Monday, 23 April 2018 06:00

CLOTHING AND NUDITY 2

Erotics of undressing

Christianity made the consummate representration of eroticism possible in the figurative arts because it introduced a dynamic that was insufficiently developed in biblical and classical Antiquity. The force of this dynamic could be directed toward taking clothes off or putting them on. In fact, Saint Paul says ”you have put off the old nature with its practices and you have put on a new nature, which is being renewed in knowledge after the image of its creator” (Colossians 3.9-10). From the first action – undressing – came the erotics of the Reformation and Mannerism; from the second –dressing – the erotics of the Counter-Reformation and the Baroque.
Georges Bataille was the most acute contemporary interpreter of the erot-ics of undressing. In his work, erotic desire and the drive to undress oneself and others, to transgress the taboo of nakedness are inseparably fused. He wrote:” Stripping naked is the decisive action. Nakedness offers a contrast to self-possession, to self-possession discontinuous existence, in other words. It is a state of communication… Obscenity is our name for the uneasiness which upsets the physical state associated with self--possession, with the possession of a recognized and stable individuality”.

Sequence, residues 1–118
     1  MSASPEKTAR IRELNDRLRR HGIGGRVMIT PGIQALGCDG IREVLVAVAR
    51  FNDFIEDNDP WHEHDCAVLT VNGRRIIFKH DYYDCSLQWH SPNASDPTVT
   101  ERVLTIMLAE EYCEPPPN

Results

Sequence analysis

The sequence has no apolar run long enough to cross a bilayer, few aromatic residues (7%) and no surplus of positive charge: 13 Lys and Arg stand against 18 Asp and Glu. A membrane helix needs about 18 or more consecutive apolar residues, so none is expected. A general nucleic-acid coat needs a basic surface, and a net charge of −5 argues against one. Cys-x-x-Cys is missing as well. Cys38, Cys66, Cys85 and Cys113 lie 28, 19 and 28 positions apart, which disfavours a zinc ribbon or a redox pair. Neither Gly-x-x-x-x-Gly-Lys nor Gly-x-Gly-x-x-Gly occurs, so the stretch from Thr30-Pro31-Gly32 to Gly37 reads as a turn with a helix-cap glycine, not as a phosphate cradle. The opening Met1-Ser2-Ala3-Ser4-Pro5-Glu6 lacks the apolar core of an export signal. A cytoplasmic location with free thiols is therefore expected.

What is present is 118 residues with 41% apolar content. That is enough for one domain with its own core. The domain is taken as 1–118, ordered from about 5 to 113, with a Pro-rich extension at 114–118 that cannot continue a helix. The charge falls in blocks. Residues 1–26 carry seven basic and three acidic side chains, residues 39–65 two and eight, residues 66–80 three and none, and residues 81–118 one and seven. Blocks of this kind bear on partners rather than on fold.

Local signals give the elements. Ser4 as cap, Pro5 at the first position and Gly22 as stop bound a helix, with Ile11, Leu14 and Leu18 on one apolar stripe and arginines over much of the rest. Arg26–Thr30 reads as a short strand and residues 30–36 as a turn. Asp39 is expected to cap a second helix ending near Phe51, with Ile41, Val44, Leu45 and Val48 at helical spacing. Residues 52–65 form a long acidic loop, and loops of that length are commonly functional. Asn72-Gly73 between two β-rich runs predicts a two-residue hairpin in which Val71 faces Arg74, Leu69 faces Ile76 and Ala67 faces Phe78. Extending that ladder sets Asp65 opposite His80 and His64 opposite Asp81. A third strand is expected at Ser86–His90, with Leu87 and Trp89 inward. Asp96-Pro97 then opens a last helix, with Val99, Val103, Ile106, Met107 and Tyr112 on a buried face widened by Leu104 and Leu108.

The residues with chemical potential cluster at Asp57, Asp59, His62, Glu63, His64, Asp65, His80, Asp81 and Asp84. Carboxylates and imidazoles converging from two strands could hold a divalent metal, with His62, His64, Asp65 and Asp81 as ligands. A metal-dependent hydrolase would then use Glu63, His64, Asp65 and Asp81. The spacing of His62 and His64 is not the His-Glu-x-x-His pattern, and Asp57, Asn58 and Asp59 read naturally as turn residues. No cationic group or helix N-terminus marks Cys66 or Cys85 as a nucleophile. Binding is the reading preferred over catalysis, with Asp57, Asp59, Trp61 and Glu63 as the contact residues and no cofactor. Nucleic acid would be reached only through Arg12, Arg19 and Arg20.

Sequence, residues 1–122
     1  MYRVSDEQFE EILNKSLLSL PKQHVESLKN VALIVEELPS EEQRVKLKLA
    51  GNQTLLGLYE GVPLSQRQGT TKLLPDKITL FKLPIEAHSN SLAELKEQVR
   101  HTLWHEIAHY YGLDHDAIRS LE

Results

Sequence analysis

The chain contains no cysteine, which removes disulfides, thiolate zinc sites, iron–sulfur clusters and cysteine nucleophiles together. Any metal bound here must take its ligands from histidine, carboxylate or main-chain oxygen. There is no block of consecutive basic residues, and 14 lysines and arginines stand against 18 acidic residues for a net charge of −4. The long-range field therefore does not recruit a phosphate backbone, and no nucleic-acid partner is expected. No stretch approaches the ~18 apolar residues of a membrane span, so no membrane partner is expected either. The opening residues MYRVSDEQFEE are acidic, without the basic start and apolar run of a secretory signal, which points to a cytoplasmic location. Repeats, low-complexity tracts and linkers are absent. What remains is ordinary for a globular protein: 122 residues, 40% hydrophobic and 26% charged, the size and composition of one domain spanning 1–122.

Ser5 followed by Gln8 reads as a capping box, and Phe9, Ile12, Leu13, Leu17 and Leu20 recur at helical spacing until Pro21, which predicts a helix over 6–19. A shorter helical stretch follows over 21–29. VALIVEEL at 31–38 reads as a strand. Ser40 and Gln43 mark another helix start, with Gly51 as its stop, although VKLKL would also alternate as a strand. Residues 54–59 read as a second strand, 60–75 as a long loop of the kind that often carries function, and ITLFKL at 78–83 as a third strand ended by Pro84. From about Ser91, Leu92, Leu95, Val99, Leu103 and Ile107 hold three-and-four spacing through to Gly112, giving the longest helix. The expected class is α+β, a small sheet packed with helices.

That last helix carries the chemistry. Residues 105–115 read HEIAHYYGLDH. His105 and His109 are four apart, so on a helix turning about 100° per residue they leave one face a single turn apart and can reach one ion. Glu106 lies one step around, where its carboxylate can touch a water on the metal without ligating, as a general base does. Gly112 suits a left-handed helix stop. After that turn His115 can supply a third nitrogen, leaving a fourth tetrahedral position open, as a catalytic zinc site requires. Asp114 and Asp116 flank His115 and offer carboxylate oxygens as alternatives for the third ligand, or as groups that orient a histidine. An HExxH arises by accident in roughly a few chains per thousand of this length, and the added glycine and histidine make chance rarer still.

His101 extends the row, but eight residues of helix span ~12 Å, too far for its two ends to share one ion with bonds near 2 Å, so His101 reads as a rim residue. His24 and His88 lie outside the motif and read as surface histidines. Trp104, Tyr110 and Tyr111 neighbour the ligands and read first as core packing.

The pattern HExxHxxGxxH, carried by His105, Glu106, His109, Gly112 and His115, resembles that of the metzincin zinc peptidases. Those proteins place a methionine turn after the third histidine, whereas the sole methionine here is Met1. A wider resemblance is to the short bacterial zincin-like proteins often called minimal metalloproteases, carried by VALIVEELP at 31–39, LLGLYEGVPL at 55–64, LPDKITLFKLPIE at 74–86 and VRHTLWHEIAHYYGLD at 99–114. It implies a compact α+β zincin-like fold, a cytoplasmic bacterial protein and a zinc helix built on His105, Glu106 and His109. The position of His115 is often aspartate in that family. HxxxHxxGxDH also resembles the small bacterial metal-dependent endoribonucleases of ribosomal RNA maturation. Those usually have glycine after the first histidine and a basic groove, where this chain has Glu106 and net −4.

Bataille worked within a tradition that assigns great spiritual value to undressing. After Saint Paul, this spiritual value found an important expression in Saint Jerome`s proposition, nudus nudum Christum sequi (to follow the naked Christ naked), which became a highly developed idea in the Middle Ages. In the Reformation, it was understood in an even more radical sense: the Cross, the punishment and agony of Jesus, was considered the pinnacle, the ultimate point, of Christian experience. From this, it follows that perdition, torture, annihilation, the abyss, confusion, disorder, fear, trembling and death present themselves as models of erotic experience.